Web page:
Characteristic methods of German reconnaissance are clearly illustrated by an action which
was attempted against the Nth unit of our army. Two days before the time set for a
reconnaissance in force, a group of German officers conducted a reconnoitering tour. That
same day there was a brief artillery barrage, apparently for ranging. After this there was
no action whatever in the sector—no doubt the scheme was to lull the defenders
into a sense of security. Two days later, during the second half of the night, the Germans
opened concentrated artillery and mortar fire on the same sector. Under cover of this fire, a
German reconnaissance unit, divided into three parts, advanced. Presently a German signal
light went up, and the artillery fire was shifted to neighboring strong points. Simultaneously,
two groups, supported by the small-arms fire of the third, made a quick rush on our
trenches. We met the three groups with concentrated artillery and machine-gun fire. This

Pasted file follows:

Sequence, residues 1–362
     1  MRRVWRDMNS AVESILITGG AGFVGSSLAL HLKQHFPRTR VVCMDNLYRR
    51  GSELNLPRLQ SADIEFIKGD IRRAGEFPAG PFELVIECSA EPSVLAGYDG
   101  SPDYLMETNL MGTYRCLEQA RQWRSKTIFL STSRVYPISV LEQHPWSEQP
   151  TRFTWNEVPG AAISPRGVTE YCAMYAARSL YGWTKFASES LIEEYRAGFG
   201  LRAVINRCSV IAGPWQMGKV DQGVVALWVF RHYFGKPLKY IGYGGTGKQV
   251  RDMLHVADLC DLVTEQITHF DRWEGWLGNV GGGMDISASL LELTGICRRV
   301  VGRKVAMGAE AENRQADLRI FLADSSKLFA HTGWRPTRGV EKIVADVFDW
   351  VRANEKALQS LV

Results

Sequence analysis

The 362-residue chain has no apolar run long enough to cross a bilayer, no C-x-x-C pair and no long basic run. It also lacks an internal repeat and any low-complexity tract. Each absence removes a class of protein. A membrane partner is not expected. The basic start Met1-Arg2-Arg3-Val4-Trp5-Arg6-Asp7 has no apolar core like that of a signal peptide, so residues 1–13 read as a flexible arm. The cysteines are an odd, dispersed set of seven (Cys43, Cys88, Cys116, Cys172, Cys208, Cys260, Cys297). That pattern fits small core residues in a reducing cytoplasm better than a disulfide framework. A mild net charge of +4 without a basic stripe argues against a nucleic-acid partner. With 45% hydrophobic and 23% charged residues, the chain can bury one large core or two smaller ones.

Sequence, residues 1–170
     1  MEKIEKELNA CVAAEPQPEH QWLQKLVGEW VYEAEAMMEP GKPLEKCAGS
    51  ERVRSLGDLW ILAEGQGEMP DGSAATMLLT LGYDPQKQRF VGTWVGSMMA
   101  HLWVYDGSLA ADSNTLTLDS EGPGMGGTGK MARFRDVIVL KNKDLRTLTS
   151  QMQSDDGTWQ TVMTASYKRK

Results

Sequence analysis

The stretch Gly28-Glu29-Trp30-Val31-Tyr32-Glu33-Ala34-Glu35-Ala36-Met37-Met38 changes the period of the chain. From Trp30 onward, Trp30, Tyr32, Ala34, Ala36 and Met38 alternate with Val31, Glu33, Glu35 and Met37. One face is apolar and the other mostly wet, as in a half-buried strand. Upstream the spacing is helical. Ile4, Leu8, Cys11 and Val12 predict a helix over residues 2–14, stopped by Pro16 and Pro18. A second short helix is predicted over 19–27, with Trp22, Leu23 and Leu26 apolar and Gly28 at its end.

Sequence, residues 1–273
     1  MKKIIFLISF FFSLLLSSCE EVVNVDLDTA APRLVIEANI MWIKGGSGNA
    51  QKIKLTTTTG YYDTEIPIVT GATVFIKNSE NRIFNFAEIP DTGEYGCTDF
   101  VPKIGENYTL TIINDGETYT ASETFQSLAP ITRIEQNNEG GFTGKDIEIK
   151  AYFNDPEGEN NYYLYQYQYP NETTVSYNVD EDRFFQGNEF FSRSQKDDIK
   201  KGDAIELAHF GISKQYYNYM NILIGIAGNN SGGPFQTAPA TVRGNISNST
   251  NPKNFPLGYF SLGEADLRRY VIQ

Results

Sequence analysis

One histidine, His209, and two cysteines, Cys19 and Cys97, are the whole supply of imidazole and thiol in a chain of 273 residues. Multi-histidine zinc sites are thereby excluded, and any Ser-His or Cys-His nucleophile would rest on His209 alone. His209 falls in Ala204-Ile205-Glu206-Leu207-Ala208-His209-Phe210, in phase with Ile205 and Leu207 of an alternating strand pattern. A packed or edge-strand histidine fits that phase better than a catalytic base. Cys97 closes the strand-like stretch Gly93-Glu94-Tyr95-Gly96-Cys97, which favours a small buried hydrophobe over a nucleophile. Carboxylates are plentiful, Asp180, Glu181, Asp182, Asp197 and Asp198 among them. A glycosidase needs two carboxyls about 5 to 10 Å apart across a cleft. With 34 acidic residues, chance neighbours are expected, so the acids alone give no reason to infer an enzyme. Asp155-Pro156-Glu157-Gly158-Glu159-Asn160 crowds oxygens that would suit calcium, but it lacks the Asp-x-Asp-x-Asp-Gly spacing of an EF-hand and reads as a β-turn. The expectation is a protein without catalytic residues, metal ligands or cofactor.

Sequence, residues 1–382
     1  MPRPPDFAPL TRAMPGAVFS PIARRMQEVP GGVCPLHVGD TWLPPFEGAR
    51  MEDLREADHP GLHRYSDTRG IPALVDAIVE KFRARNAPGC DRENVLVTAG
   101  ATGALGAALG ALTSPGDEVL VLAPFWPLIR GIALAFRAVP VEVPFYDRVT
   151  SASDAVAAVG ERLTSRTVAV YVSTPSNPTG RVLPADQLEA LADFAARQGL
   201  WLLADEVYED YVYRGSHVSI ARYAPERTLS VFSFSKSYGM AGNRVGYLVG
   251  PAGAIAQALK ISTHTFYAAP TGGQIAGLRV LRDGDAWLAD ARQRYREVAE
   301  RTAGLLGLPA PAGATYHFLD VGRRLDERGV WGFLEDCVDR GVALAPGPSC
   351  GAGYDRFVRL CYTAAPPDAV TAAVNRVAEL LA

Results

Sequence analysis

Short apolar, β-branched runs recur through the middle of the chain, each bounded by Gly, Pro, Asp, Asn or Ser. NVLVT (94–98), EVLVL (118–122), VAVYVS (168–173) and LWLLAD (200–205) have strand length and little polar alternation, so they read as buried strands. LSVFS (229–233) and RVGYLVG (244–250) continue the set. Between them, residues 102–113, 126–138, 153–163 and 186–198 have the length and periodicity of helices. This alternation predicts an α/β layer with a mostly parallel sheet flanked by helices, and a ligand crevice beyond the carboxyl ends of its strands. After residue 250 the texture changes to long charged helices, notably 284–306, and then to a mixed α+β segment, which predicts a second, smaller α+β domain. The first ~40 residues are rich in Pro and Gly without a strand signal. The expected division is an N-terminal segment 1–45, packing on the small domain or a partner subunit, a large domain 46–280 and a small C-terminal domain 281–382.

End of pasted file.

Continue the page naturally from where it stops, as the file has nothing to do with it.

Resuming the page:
forced the enemy to retreat. We have learned that when we can perceive the enemy's
intentions, it is a good policy to allow these first groups to approach our positions
so that we can annihilate the attackers at close range.
Finally, a word about German counter-reconnaissance. Highly resourceful officers and
soldiers are chosen for this work. These men take up positions as near our lines as
possible. Their primary task is to determine the intentions of our reconnaissance
patrols; their secondary task is to locate our minefields and learn the boundaries
of our positions.